We recently published Anna Pembroke’s devastating “Lovely Boys.”

Here, we ask her two questions about her story:

1) I love the narrator’s obsession with the neighbor children here — there’s something so sweet about it, yet simultaneously a bit terrifying. As we learn, the narrator has very good reason to focus on something outside of her own home life, but do you think she is romanticizing these boys and their circumstances as, perhaps, being better than they are?

At the point we encounter the narrator in the story, I think it’s fair to say her understanding of reality has morphed substantially. She has reached a stage where the actuality of their experience is inconsequential: her perception of their existence is devoid of any objective truth but is as real (to her) as the pink light of the sky. The narrator needs this utopic perception of the boys to anchor hope and innocence, however warped, into a life which has none.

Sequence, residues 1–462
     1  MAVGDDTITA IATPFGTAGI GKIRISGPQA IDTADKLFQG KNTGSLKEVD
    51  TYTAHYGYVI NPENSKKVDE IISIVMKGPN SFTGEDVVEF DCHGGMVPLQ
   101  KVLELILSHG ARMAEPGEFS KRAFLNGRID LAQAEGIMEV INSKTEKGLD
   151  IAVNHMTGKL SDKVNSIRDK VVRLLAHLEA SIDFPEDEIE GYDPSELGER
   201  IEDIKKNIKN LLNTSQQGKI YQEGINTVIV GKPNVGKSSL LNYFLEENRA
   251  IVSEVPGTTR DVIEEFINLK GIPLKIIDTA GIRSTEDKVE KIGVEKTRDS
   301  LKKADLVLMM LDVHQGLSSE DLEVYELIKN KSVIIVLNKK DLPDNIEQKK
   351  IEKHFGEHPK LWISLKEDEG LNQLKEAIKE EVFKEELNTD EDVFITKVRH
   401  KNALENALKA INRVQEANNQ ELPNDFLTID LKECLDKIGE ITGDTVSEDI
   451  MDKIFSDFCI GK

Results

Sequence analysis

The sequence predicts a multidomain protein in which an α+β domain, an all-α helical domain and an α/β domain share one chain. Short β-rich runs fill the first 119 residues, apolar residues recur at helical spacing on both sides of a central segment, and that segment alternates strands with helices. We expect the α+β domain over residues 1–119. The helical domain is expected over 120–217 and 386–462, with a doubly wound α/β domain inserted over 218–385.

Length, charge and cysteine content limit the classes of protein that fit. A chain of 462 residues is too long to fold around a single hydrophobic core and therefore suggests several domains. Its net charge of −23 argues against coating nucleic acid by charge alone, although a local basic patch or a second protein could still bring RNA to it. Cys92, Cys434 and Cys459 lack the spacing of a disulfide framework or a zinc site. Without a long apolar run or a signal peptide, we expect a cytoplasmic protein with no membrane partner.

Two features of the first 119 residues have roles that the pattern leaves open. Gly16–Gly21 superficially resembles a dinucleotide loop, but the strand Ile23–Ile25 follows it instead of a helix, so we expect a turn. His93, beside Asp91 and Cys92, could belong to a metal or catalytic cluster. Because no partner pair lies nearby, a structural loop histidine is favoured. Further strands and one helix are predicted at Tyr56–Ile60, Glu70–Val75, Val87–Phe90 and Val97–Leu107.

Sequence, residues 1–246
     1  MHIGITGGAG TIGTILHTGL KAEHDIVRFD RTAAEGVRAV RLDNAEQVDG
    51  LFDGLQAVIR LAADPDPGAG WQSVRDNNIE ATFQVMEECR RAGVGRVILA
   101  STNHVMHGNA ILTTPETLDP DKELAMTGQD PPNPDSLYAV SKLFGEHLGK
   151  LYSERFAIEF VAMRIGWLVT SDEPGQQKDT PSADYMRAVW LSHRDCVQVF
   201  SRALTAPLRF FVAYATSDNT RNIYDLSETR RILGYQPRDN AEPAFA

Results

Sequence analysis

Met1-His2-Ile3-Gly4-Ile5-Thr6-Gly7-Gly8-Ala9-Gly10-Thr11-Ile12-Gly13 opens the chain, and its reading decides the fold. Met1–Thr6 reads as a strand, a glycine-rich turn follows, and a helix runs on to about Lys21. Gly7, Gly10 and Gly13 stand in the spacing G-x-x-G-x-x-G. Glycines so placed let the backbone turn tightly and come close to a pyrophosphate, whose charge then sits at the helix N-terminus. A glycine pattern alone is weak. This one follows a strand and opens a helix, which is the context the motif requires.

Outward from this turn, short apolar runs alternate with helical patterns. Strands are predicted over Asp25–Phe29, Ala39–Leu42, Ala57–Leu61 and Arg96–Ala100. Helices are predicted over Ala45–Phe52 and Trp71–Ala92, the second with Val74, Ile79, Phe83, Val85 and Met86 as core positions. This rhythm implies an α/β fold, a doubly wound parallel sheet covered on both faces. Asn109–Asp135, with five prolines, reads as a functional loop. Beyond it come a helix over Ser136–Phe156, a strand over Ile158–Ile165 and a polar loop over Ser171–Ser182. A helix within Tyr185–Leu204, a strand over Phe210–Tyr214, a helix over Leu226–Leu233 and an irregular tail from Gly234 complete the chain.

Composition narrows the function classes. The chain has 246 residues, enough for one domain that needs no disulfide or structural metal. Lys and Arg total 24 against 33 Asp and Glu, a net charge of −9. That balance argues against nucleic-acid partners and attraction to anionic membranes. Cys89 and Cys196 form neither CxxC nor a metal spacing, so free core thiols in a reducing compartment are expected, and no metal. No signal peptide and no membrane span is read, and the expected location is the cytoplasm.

2) There are so many implications with that ending! Did the narrator do something to cause this blackout, is she in danger, will those lovely boys be okay! Here’s the real question, though — do you think the narrator will be able to extract herself from this situation? Or is she trapped?

To my mind, the narrator is trapped regardless of whether or not she can remove herself
from the physical situation. The trauma of the abuse will leave a lasting impact on her
psyche, permanently shaping the way she interacts with the world. I can only hope that her passive acceptance eventually yields to something more retaliative, but, truthfully, I doubt it will.